Ontario’s Failure Has Cost Cannabis Industry $325M: Report
It’s no secret that the failure of Ontario’s provincial government to license more cannabis stores has been extremely costly for Canada’s cannabis industry.
How costly? Try CAD$325 million dollars in lost potential revenues – just from October 2018 through August 2019. Roughly $30 million per month.
The calculation is simple, according to an article from MJBizDaily.
“Had Ontario rolled out as efficiently as Alberta, we would’ve have been over CA$510 million in sales from October to August,” said Craig Wiggins, managing director of TheCannalysts.
In actual fact, the province has only generated CAD$185 million over that time period. It’s a differential of $325 million.
Close observers of the Doug Ford regime may claim it is unfair to expect this administration to perform as competently as other governments. On the other hand, given Ontario’s much more concentrated population, there is no reason why Ontario couldn’t have exceeded Alberta in revenue growth (in proportionate terms) for the legal cannabis industry.
However, with only 25 legal cannabis stores versus Alberta’s 306 retail locations, Ontario has arguably been Canada’s biggest provincial underperformer.
Ontario’s population of 14+ million represents nearly 40% of Canada’s total population. Alberta has a population of just over 4 million, less than one-third the population of Ontario.
By that metric, Ontario’s incompetence has cost the legal cannabis industry even more dollars. If Ontario had matched Alberta in cannabis revenues per capita, Ontario would have generated over CAD$600 million over the same time period – a differential of greater than $400 million.
The same article from MJBizDaily notes that the province has now gone completely silent on when it will award the additional cannabis store licenses it has previously promised.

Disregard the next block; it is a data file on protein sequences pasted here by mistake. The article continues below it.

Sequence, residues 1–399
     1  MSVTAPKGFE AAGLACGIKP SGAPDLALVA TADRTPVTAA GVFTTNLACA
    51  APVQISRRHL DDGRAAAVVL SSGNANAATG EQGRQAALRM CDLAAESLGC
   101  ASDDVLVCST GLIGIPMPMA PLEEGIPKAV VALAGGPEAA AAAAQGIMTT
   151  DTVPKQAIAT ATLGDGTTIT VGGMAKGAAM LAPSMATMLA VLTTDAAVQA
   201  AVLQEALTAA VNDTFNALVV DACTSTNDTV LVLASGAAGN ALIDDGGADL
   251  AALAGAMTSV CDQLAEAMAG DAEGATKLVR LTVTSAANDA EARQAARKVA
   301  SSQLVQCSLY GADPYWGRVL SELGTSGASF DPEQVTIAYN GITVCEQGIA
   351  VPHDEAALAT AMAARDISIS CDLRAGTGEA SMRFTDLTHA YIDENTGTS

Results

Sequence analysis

First it was supposed to be “50 new cannabis store licenses”. But the province only selected 42 candidates from its recent “lottery”.
Then roughly one-third of these “lottery winners” were promptly disqualified from further pursuit of a retail store license. Now Doug Ford’s anti-cannabis imbeciles are only working on roughly 30 new store licenses – and can’t even announce any progress there.
At what point does the legal cannabis industry in Ontario cease to see this as mere “incompetence” and starts to perceive a lack of good faith from the Ontario provincial government?
It took Ontario roughly 6 months after legalization just to open its first cannabis store, thanks to the initial incompetence and foot-dragging from the Conservative government.
Ironically, that was April 1st – April Fool’s Day. But when it comes to the Doug Ford government and the legal cannabis industry, every day is April Fool’s Day.
The mainstream media has publicly crucified CannTrust Holdings (CAN:TRST / US:CTST) for operating “unlicensed grow-rooms”. Yet the province has made it virtually impossible for Canadian LP’s to survive from purely legal operations.
Doug Ford may not have been holding a gun to the head of CannTrust management when they made that ill-advised decision. But he certainly created the major financial inducement to break the rules.
Ontario is not the only provincial government to have failed its electorate (and the legal cannabis industry) in rolling out legal cannabis. Quebec and British Columbia – Canada’s 2nd and 3rd largest provinces – also earn clear failing grades in several areas.
But B.C. is finally getting its act together in launching stores. The province is in the process of doubling its cannabis store total to 156.
In the case of Quebec, this seems to be a genuine case of anti-cannabis ignorance (and stupidity). The province recently announced (for absolutely no reason) that it was raising the legal age of cannabis consumption to 21. All that will accomplish is to force young adults in Quebec to shop from the cannabis black market.
Ontario stands alone. It’s not moving forward on its legal cannabis industry. It’s not being in any way transparent about why it continues to badly fail in a process that Alberta has made look easy.
It’s a very costly failure for the legal cannabis industry: CAD$325 million and counting.
Published at Thu, 07 Nov 2019 17:19:10 +0000